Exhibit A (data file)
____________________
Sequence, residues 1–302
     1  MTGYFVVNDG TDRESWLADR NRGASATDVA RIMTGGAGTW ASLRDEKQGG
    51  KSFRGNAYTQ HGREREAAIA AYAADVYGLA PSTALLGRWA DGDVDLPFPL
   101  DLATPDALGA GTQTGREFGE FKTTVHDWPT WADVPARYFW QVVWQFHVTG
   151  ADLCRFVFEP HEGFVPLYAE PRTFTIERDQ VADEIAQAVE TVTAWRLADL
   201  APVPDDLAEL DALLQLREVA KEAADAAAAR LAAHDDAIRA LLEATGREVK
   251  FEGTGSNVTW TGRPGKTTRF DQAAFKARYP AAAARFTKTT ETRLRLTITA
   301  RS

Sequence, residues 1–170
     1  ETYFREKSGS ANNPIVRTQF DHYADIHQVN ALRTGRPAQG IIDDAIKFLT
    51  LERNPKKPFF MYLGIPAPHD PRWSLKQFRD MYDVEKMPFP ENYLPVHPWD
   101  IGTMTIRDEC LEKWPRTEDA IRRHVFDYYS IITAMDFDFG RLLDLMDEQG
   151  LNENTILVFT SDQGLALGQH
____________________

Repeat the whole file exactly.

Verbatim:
Sequence, residues 1–302
     1  MTGYFVVNDG TDRESWLADR NRGASATDVA RIMTGGAGTW ASLRDEKQGG
    51  KSFRGNAYTQ HGREREAAIA AYAADVYGLA PSTALLGRWA DGDVDLPFPL
   101  DLATPDALGA GTQTGREFGE FKTTVHDWPT WADVPARYFW QVVWQFHVTG
   151  ADLCRFVFEP HEGFVPLYAE PRTFTIERDQ VADEIAQAVE TVTAWRLADL
   201  APVPDDLAEL DALLQLREVA KEAADAAAAR LAAHDDAIRA LLEATGREVK
   251  FEGTGSNVTW TGRPGKTTRF DQAAFKARYP AAAARFTKTT ETRLRLTITA
   301  RS

Sequence, residues 1–170
     1  ETYFREKSGS ANNPIVRTQF DHYADIHQVN ALRTGRPAQG IIDDAIKFLT
    51  LERNPKKPFF MYLGIPAPHD PRWSLKQFRD MYDVEKMPFP ENYLPVHPWD
   101  IGTMTIRDEC LEKWPRTEDA IRRHVFDYYS IITAMDFDFG RLLDLMDEQG
   151  LNENTILVFT SDQGLALGQH